John Everett Millais

(8 June 1829 - 13 August 1896)

John Everett Millais was born in Southampton on 8 June 1829. His family was of French descent. In 1838, he attended Henry Sass' Drawing School and the Royal Academy in 1840. While still a youth, he won various medals for his drawings. His first painting was "Pizzarro Seizing the Inca of Peru", 1846.

With Rossetti and Hunt, he founded the Pre-Raphaelite Brotherhood in 1848. The influence of this movement was first discernible in his "Isabella" of 1849.

"Ophelia", begun in the summer of 1851, and exhibited the following year at the Royal Academy, markes the culmination of Millais' youthful period. Endowed with a virtuoso technical skill and encouraged by Ruskin, he rapidly outstripped his Brotherhood colleagues and won lasting fame. He was elected a member of the Royal Academy in 1863, and served as President in 1896.

Millais' works never failed to elicit praise. His remarkable technique lent his canvases a unique distinction, particuarly in his last paintings, long after the exhilaration of the radiant Pre-Raphaelite period had died away. Towards the end of his life, he turned to portraiture. He was also a fine illustrator.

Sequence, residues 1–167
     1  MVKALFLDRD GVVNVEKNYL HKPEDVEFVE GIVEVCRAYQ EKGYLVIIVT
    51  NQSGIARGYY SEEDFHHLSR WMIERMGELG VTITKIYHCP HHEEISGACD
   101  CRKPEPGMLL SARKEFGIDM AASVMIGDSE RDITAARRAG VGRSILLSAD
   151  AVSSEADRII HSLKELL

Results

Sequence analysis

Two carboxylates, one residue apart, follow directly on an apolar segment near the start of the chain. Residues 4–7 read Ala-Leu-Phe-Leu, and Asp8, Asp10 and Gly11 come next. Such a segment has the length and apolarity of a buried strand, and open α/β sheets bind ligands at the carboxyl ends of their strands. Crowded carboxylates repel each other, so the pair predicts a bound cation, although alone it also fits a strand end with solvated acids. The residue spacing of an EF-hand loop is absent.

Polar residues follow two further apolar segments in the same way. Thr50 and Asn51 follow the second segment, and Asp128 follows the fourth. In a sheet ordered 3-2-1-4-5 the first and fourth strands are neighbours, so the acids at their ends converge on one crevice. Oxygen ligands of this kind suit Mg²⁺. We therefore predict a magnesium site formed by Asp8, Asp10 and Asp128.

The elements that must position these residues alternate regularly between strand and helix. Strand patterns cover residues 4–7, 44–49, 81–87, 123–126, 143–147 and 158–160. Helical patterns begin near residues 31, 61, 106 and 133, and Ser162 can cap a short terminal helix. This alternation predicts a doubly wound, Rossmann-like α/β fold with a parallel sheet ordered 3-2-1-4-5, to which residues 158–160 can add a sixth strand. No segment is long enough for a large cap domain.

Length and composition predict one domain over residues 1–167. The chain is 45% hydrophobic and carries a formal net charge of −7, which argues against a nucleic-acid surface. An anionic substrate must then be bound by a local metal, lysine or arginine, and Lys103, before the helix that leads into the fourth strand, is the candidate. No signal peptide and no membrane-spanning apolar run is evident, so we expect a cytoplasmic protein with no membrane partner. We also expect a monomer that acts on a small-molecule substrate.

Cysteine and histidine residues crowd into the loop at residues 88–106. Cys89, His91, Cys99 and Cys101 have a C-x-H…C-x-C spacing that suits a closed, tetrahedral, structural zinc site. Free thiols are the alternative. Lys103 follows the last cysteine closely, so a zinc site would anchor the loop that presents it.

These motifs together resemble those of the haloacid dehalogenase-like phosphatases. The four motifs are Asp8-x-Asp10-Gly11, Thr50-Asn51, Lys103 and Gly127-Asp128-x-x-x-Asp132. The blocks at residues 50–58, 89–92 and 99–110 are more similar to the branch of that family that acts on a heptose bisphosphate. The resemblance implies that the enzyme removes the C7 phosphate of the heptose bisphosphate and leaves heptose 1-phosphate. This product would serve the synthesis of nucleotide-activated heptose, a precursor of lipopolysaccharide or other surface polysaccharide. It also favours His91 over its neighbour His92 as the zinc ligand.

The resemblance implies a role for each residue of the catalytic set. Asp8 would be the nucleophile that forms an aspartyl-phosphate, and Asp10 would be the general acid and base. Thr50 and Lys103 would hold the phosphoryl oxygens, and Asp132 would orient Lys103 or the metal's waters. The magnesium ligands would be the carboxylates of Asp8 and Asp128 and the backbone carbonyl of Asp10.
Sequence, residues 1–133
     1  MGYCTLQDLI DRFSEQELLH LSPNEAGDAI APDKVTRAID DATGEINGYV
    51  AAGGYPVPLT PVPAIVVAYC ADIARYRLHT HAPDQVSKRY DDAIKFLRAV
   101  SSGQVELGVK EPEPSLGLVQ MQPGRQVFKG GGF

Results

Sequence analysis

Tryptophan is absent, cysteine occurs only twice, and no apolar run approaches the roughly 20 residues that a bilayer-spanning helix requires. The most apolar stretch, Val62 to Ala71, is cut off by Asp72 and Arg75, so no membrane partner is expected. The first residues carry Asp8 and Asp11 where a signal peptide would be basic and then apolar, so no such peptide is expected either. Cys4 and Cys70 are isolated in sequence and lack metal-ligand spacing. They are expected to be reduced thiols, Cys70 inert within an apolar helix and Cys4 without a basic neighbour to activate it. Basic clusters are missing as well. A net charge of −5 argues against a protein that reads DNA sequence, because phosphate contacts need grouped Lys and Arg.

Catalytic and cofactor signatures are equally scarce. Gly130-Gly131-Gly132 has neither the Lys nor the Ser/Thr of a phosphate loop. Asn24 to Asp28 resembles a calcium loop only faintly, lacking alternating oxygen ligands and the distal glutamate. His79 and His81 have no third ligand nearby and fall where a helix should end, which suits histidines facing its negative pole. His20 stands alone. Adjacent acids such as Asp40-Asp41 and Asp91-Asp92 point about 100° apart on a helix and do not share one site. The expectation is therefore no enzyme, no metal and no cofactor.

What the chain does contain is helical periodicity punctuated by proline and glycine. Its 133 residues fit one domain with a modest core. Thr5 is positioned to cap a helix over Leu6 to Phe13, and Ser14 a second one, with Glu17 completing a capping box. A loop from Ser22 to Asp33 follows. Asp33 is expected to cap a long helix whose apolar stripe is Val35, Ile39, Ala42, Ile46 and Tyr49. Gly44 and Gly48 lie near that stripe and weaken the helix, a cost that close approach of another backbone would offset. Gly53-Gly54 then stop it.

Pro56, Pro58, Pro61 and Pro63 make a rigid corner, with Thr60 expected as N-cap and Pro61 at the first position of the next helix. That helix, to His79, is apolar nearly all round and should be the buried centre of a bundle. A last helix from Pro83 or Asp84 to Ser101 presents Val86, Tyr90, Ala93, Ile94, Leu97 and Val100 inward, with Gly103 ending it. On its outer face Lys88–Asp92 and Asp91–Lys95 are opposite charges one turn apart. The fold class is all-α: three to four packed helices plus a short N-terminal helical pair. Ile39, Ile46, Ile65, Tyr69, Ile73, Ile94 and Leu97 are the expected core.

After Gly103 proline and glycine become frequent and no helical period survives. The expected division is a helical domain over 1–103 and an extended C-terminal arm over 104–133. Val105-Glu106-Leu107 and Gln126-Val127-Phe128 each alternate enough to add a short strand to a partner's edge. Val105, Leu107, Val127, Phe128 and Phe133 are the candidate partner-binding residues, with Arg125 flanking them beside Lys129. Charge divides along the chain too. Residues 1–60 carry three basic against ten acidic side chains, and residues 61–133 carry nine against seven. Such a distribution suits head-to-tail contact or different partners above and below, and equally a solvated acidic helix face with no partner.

Millais studied at the Royal Academy after his family moved from the Channel Islands to London. He is perhaps best known as a member of the Pre-Raphaelite Brotherhood, formed with contemporaries including Dante Gabriel Rossetti and William Holman Hunt. The critic John Ruskin was an early supporter, but their relationship foundered with Millais’s move away from Pre-Raphaelitism and his marriage to Ruskin’s former wife, Effie. Millais became unchallenged as the leading British painter of the latter part of the nineteenth century, a fact recognised by his appointment as President of the Royal Academy shortly before his death.

Millais’s subject matter embraced history and narrative painting, the ’grand manner‘ of admired predecessors such as Rembrandt or Velázquez, fancy pictures of young children (often from his own growing family), and portraits of leading figures in politics and the arts. In his later years Millais moved easily between London society and Scottish sporting estates, always committed to the accurate representation of the natural world.

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Born: 8-Jun-1829
Birthplace: Southhampton, England
Died: 13-Aug-1896
Location of death: London, England
Buried, St. Paul's Cathedral, London, England

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